Broken Record 

“Gypsy whores” idiocy with a revolting new Swedish-Canadian police-state flavor:

…Grand Prix weekend…is the busiest time of year for escorts in Montreal.  This year, local police are warning tourists that they may spend more time in jail than at the racetrack if caught trying to buy sexual services…Chief Insp. Johanne Paquin…said a specialized squad will be on patrol in strip clubs, hotels, motels and massage parlours, as well as on all the sites in the city related to the Grand Prix festivities…Canada’s new prostitution laws…”give us more tools in our tool box,” Paquin said…Hobby Lobby

The Widening Gyre

If cops don’t want people spreading stupid rumors, they need to stop spreading such rumors themselves first:

Lest you need any further indication that sex trafficking has become a genuine Moral Panic, I bring you the tale of Emily Stringer…[who] was shopping at…Hobby Lobby in Oklahoma City when she noticed “a middle aged lady” following her around the craft store.  Stringer “stuck with (her) instinct” and left abruptly, calling local police afterward to report the incident.  “The policeman said that this is unfortunately a common thing,” Stringer posted in a subsequent Facebook warning.  “They are abducting people for sex trafficking.”  Except…. of course not.  There have been no cases of anyone, of any age, being stalked and abducted by sex traffickers at Hobby Lobby or any other Oklahoma City chain store.  Outlets from Snopes to The Washington Post tore holes in Stringer’s story, and the Oklahoma City police even distanced themselves from the apocryphal anecdote—but…Stringer’s sex-trafficking warning had received 147,000 shares. The police rebuttal, meanwhile, was shared less than 500 times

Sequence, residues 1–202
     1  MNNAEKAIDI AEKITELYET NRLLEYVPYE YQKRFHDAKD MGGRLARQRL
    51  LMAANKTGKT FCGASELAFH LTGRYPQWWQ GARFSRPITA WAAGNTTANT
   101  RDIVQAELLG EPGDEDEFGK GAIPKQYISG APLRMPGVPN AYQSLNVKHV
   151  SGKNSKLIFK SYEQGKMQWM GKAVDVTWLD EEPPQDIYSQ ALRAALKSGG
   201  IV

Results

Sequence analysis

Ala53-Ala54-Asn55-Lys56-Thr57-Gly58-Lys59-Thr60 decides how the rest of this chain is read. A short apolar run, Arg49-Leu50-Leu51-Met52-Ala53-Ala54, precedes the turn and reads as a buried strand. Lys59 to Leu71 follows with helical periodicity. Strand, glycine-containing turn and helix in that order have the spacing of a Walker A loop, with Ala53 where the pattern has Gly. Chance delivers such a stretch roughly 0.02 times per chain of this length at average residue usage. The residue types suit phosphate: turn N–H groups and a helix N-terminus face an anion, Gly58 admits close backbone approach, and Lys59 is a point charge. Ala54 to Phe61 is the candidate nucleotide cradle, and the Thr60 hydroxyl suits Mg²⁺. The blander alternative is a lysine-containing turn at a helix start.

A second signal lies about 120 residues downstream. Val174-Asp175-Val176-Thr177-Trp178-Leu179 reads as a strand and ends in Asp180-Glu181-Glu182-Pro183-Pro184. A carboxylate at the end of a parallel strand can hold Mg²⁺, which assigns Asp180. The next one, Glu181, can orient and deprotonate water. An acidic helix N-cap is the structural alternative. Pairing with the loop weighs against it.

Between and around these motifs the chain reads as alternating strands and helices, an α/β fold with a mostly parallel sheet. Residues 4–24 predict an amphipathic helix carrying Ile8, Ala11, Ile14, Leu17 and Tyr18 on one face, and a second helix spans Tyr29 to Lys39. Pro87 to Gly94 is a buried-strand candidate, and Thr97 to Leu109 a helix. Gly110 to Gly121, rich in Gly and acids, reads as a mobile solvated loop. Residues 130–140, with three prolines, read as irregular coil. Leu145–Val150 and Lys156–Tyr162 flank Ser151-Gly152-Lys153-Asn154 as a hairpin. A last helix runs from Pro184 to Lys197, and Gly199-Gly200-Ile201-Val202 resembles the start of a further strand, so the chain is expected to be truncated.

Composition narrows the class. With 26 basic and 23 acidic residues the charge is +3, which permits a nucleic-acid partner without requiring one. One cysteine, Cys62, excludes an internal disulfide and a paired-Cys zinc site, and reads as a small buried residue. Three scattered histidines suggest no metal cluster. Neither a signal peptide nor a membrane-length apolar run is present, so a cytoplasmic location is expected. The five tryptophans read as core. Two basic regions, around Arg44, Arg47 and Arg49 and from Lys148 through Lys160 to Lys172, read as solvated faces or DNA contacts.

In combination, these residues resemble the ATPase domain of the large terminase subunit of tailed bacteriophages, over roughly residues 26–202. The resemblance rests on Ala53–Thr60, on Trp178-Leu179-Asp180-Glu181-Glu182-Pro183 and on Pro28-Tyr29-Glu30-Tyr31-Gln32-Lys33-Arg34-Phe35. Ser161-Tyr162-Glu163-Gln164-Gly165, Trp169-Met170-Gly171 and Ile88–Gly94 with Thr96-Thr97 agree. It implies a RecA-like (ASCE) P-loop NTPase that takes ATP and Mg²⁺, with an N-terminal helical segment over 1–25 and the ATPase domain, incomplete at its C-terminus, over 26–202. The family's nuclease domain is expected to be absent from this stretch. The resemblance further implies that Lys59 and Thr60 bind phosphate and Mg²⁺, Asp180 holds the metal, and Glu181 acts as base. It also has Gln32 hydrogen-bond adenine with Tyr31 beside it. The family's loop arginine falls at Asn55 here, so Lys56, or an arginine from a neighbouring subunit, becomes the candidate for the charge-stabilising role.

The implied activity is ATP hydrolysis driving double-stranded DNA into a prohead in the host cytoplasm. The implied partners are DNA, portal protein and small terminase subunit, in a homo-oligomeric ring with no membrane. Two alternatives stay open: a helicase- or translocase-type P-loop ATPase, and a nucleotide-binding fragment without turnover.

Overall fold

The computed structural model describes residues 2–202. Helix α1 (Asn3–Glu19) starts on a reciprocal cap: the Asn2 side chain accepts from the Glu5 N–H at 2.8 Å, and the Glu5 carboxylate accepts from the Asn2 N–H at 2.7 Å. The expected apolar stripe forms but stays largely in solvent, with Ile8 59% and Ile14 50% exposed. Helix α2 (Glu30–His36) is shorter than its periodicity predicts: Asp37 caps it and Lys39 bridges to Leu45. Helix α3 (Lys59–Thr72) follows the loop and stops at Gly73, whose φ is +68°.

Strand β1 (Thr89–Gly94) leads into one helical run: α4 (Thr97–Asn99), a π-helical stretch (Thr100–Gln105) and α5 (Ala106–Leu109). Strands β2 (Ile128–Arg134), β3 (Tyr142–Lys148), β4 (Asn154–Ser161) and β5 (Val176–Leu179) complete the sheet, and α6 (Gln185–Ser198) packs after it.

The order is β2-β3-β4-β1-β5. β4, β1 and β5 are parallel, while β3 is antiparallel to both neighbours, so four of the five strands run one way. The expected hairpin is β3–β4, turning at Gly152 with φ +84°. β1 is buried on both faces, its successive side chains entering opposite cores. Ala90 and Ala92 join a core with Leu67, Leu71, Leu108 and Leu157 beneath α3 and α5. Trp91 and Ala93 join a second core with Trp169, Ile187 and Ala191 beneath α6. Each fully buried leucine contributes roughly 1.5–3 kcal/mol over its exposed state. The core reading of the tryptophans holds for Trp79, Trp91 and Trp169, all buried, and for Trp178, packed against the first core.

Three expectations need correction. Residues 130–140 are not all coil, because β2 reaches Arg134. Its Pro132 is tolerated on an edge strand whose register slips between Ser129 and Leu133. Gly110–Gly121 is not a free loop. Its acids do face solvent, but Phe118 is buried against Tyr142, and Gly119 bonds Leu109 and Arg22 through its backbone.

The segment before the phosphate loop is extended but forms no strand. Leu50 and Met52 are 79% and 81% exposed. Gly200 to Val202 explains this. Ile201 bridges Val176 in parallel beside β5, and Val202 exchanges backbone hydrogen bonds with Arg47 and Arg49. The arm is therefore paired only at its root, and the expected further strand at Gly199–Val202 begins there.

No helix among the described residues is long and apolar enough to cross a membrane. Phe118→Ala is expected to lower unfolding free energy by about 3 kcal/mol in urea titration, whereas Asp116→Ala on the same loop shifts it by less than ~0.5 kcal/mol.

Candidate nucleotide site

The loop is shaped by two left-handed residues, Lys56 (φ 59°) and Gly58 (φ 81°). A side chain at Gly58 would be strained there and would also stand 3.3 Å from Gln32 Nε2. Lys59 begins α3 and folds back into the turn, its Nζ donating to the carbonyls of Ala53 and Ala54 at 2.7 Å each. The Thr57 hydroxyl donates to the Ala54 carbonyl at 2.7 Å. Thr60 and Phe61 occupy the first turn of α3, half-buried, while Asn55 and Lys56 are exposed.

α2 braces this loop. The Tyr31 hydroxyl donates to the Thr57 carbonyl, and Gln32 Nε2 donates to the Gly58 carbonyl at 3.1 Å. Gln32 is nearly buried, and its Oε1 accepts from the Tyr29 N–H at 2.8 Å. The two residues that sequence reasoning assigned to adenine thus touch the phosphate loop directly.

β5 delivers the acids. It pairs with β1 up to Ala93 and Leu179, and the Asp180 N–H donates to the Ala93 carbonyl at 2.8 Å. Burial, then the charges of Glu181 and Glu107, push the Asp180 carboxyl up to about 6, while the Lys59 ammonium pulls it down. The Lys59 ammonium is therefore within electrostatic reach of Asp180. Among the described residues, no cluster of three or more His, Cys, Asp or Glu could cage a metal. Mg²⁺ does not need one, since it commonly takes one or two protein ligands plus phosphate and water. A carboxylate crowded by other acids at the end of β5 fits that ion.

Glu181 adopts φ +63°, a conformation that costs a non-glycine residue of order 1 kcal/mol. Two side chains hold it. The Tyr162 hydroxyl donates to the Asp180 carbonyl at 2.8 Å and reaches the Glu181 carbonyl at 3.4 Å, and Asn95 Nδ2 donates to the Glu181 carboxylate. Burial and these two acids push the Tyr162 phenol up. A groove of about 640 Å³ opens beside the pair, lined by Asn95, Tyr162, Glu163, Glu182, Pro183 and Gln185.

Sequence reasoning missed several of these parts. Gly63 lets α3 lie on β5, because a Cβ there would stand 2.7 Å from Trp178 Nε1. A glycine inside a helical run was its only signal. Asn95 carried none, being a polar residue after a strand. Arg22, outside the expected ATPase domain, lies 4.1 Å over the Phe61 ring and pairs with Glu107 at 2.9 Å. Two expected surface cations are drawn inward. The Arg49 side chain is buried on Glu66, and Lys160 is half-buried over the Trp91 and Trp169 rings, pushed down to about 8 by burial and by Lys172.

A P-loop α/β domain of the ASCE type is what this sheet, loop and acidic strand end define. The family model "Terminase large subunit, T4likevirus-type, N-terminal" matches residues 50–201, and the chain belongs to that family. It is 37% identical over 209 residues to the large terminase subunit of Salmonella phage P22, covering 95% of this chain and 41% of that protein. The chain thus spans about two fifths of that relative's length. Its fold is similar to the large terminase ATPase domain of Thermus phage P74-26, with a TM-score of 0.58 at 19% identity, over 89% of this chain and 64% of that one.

That Old Black Magic

The “juju sex slaves” myth just keeps going like a battered zombie:

Spanish National Police announced on Monday that they broke up a ring of human traffickers who used juju voodoo and animal sacrifices to coerce women into prostitution…The traffickers had put the women through a juju voodoo ritual that used the victims’ finger nails or public hair and involved animal sacrifice in front of idols in a temple in order to “guarantee that the women complied with everything they demanded, under threat of death to them and their families”.  Juju…has commonly been used to drive Nigerian women into sex trafficking…by exploiting the women’s fears of the powerful “magic”…